It took West Indies two Tests to discover India’s Achilles heel --- the short ball. Virat Kohli needed two Tests to check the temperament of Chesteshwar Pujara, Umesh Yadav and Amit Mishra. They failed, and Kohli rang in changes.
What unravelled at the Darren Sammy Stadium was a little anti-climactic for India. Murali Vijay was supposed to be fit but Kohli’s perseverance with KL Rahul paid off to some extent. Rohit Sharma again got a chance against his favourite Test opponents but the script was a little different from his Kolkata debut three years back. Kohli came at No 3 in place of Pujara and by tea, India were 130/5, a scenario unimaginable even two weeks back.
Only two of Kohli’s decisions clicked --- sticking to Rahul and sending R Ashwin at No 6. In what is turning out to be a memorable series for Ashwin, he scored 75 and forged an unbeaten sixth-wicket partnership of 108 with Wriddhiman Saha to place India at 234/5. To progress to a position of dominance, Kohli will have to hope that Ashwin and Saha continue their good work before Ravindra Jadeja, who comes in for Mishra, finds some runs with the bat.
West Indies, on the other hand, are steadily improving. What changed between the first Test and now is how they were ready to crank up the pace. By giving Alzarri Joseph his first cap, West Indies captain Jason Holder walked his pre-game talk of adding an extra pacer. Joseph set up the morning by making Kohli almost lose his balance with a bouncer that snorted above his shoulders. That one delivery almost gave licence to the West Indies to mount a full-blown assault.
Joseph lived up to his reputation, snapping up Kohli with a short one again. Pitched in short, the ball climbed on Kohli, denying him any room as the India captain was forced to fend the ball to Darren Bravo at first slip. That Joseph is no one-trick pony was established when he lured Rohit into a ball that angled in but moved away at the last moment with a faint edge off his bat.
Sammy checks in
Almost simultaneously, a different drama happened outside the stadium with around 20 people protesting Darren Sammy’s sudden sacking, ranting how West Indies cricket had no idea what it was doing. Sammy came right in time with his father to quell the protests and asking his fellow St Lucians to join him in cheering West Indies.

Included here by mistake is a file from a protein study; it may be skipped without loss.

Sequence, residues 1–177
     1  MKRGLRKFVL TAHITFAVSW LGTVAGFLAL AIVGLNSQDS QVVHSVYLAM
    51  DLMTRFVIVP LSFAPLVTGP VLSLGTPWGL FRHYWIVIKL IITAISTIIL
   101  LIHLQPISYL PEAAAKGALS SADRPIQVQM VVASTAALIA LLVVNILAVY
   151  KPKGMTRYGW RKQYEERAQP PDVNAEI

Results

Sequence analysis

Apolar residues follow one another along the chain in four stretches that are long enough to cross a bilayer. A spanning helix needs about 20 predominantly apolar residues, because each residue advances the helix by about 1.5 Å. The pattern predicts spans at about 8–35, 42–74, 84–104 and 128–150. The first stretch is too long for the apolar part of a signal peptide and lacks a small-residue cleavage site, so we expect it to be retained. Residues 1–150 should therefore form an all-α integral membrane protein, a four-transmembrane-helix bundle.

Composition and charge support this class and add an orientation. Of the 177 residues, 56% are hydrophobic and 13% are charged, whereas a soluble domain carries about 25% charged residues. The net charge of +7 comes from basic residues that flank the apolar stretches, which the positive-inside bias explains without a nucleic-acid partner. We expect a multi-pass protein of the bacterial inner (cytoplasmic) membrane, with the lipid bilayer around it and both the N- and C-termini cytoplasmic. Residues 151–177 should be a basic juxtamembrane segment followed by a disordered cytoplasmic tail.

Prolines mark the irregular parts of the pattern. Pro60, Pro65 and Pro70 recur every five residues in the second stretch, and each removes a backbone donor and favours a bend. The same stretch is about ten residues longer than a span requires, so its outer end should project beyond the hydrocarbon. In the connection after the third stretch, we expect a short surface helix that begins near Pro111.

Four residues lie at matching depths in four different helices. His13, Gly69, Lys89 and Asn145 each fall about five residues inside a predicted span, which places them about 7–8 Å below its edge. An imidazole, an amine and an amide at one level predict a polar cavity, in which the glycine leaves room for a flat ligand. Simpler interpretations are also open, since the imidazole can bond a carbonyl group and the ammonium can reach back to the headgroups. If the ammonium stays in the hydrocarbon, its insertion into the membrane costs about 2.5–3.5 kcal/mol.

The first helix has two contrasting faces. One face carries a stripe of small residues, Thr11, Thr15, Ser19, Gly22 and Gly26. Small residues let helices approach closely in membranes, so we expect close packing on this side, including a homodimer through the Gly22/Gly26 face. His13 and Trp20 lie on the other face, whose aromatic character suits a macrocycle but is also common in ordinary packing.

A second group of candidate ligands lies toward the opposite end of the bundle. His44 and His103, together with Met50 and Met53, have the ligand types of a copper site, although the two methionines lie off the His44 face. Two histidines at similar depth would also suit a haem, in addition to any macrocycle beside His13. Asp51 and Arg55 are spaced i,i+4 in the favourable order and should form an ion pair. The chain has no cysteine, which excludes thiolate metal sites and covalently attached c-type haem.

“I understand your love and passion for me. But let it be peaceful. It’s up to the selectors to pick me or drop me so let’s not get into that. It’s just another hurdle in my life,” he said. Sammy went into the stadium for a fleeting visit but neither the giant screen nor the telly gave any inkling of his arrival.
His erstwhile teammates were almost on a roll by then. Every wicket had a plan written on it. Only once did Shannon Gabriel make the mistake of testing him with a short ball in the 23rd over. Rohit swivelled and pulled him over backward square-leg for a boundary. West Indies never bowled that line to him again.
Among the five dismissals, Shikhar Dhawan’s was the meekest though. Trying to flirt with a Shannon Gabriel delivery going down leg, Shikhar ended gifting a simple catch to Shane Dowrich. For the first time in his career, Rahul couldn’t convert a fifty into a hundred, but given the circumstances, he did really well for himself with a 65-ball 50.
Displaying ease against Joseph and Gabriel, Rahul played every ball on its merit without compromising on the run-rate. Everything outside off was dispatched with disdain but even Rahul couldn’t have seen his dismissal coming from Roston Chase’s off-spin.
Chase’s second wicket was Ajinkya Rahane and it came completely against the run of play. Initially peppered by short balls, Rahane was slow to start with. He weathered the storm but couldn’t capitalise on it when the ball was old and the field was spread. Chase tossed up a delivery that could have been driven but Rahane tried to sweep, missing the line completely and ended being bowled.
Patience need of the hour
In hindsight, maybe Kohli could have given Pujara another game. This pitch had bounce and movement and it needed someone of Pujara’s patience to drop anchor and allow others score. With both Pujara and Vijay on the bench, India ended up looking too aggressive on a pitch that required patience. Thankfully for India though, Ashwin and Saha staged a rescue act by being exactly that. By facing 190 balls for his 75, Ashwin showed that he was ready to play a long innings. Had it not been for the slow outfield, maybe he could have scored more boundaries. But for a long period, Ashwin and Saha just concentrated on taking the singles and twos.
That kept India’s scoreboard ticking. The second session, comprising 29 overs, yielded just 43 runs but the sixth partnership allowed India to breathe easy in the post-tea period. Ashwin was given a life in the 63rd over when Gabriel was called for a back-foot no-ball after he had cut him straight to Chase at backward point.
Apart from that, a wicketless third session --- 104 runs in 38 overs --- was pretty fruitful for India. Of that, 46 runs came from the last nine overs bowled with the new ball as both made the most of it to score seven boundaries. That phase of play gave India’s innings a much-needed boost.